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Today's Stichomancy for Peter O'Toole

The first excerpt represents the past or something you must release, and is drawn from A Personal Record by Joseph Conrad:

feet. Without his hooded cloak he looked like a peasant. Half a dozen hands would be extended to help him on board, but afterward he was left pretty much to his own thoughts. Of course he never did any work, except, perhaps, to cast off some rope when hailed, "He, l'Ancien! let go the halyards there, at your hand"--or some such request of an easy kind.

No one took notice in any way of the chuckling within the shadow of the hood. He kept it up for a long time with intense enjoyment. Obviously he had preserved intact the innocence of mind which is easily amused. But when his hilarity had exhausted itself, he made a professional remark in a self-assertive but

A Personal Record
The second excerpt represents the present or the deciding factor of the moment, and is drawn from Poems by Bronte Sisters:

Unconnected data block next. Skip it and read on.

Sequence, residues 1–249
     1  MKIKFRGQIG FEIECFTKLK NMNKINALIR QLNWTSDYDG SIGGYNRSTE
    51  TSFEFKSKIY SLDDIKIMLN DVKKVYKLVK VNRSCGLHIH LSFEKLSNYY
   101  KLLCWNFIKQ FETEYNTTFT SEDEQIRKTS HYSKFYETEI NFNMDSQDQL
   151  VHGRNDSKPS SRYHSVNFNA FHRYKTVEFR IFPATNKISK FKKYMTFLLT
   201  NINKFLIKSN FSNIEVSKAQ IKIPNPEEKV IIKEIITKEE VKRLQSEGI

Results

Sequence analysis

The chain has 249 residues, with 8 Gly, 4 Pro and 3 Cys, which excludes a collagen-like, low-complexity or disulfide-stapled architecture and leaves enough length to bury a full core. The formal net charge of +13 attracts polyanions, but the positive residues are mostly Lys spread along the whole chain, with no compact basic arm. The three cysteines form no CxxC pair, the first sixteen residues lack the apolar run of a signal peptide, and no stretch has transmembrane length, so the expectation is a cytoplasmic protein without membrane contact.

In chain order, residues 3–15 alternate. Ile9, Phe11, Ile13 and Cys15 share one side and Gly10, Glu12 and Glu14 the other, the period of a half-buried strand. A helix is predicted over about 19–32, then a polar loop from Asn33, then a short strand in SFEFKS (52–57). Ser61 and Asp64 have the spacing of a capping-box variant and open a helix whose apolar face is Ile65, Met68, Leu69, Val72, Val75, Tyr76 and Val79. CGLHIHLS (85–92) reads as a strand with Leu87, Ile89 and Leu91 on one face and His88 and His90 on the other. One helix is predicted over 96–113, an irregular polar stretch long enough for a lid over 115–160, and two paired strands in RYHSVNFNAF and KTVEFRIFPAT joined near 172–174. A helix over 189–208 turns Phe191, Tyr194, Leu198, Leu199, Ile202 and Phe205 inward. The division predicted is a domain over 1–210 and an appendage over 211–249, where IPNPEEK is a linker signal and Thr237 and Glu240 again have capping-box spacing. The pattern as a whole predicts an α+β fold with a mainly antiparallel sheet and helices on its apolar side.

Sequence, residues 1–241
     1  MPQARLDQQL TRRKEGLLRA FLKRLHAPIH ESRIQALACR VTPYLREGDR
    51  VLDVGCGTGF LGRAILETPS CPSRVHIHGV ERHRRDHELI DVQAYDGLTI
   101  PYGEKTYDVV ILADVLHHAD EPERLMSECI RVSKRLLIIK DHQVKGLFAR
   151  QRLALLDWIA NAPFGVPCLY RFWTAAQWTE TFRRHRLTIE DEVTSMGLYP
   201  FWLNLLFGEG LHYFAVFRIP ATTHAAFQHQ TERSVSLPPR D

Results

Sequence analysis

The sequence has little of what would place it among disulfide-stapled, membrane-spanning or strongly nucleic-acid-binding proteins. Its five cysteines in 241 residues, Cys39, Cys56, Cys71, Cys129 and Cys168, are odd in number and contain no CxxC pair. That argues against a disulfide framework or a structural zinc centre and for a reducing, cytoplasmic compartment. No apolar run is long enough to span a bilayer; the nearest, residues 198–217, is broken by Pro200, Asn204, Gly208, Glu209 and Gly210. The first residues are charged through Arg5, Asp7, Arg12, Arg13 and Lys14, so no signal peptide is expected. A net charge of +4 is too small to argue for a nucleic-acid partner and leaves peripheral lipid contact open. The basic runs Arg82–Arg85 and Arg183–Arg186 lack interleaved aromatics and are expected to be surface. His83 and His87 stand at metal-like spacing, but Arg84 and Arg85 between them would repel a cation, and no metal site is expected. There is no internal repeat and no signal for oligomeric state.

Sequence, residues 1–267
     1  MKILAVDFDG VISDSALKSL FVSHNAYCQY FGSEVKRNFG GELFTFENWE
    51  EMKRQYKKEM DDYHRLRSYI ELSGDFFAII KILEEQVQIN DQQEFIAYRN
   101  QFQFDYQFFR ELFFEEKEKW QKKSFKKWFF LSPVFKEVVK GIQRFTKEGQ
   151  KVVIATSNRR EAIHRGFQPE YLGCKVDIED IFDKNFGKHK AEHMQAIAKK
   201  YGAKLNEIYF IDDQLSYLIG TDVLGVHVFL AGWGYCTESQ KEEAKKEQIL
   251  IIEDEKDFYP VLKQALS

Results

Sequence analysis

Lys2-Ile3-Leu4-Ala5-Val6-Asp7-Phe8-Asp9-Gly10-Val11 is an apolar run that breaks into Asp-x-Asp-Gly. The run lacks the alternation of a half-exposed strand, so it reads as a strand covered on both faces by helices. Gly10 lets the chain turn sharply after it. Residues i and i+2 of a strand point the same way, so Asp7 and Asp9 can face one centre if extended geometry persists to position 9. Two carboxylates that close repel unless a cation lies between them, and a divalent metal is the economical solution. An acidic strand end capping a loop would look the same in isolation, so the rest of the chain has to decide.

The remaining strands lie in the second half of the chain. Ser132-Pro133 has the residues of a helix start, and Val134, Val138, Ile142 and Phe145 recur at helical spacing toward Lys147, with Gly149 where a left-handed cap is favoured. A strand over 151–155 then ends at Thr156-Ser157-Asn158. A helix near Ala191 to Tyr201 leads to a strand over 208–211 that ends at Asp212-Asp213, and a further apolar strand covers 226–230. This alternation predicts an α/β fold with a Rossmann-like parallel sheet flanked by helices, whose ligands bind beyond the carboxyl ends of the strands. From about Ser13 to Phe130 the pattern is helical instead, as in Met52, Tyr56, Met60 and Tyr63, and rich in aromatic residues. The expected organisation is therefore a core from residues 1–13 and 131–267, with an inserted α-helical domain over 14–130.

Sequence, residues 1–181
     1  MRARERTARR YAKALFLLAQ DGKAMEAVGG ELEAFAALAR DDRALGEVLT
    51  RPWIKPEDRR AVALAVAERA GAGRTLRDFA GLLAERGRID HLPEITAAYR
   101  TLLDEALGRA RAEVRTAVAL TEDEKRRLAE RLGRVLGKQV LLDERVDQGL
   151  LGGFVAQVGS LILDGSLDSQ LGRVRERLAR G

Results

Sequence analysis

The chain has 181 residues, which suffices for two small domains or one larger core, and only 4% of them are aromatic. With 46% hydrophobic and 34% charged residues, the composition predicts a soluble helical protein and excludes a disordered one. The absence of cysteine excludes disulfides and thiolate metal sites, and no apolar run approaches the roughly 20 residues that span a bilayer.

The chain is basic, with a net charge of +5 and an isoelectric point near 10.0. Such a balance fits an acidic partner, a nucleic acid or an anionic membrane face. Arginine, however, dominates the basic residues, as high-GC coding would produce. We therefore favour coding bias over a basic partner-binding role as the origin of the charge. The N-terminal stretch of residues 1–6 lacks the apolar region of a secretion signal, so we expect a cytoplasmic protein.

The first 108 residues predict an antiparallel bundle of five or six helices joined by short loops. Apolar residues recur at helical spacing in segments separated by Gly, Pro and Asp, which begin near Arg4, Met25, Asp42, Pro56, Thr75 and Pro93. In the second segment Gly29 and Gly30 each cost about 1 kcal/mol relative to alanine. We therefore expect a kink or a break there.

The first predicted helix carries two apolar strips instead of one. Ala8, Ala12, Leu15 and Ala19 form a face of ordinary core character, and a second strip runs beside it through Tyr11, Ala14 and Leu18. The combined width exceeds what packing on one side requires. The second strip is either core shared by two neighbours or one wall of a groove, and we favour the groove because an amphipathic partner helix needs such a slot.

If to the breezes wandering near, I listened eagerly, And deemed an angel's tongue to hear That whispered hope to me, That heavenly music would be drowned In thy harsh, droning voice; Nor inward thought, nor sight, nor sound, Might my sad soul rejoice.

Dull is thine ear, unheard by thee The still, small voice of Heaven; Thine eyes are dim and cannot see

The third excerpt represents the future or something you must embrace, and is drawn from Sense and Sensibility by Jane Austen:

to the number of inhabitants in London, was something. Even Lady Middleton took the trouble of being delighted, which was putting herself rather out of her way; and as for the Miss Steeles, especially Lucy, they had never been so happy in their lives as this intelligence made them.

Elinor submitted to the arrangement which counteracted her wishes with less reluctance than she had expected to feel. With regard to herself, it was now a matter of unconcern whether she went to town or not, and when she saw her mother so thoroughly pleased with the plan,

Sense and Sensibility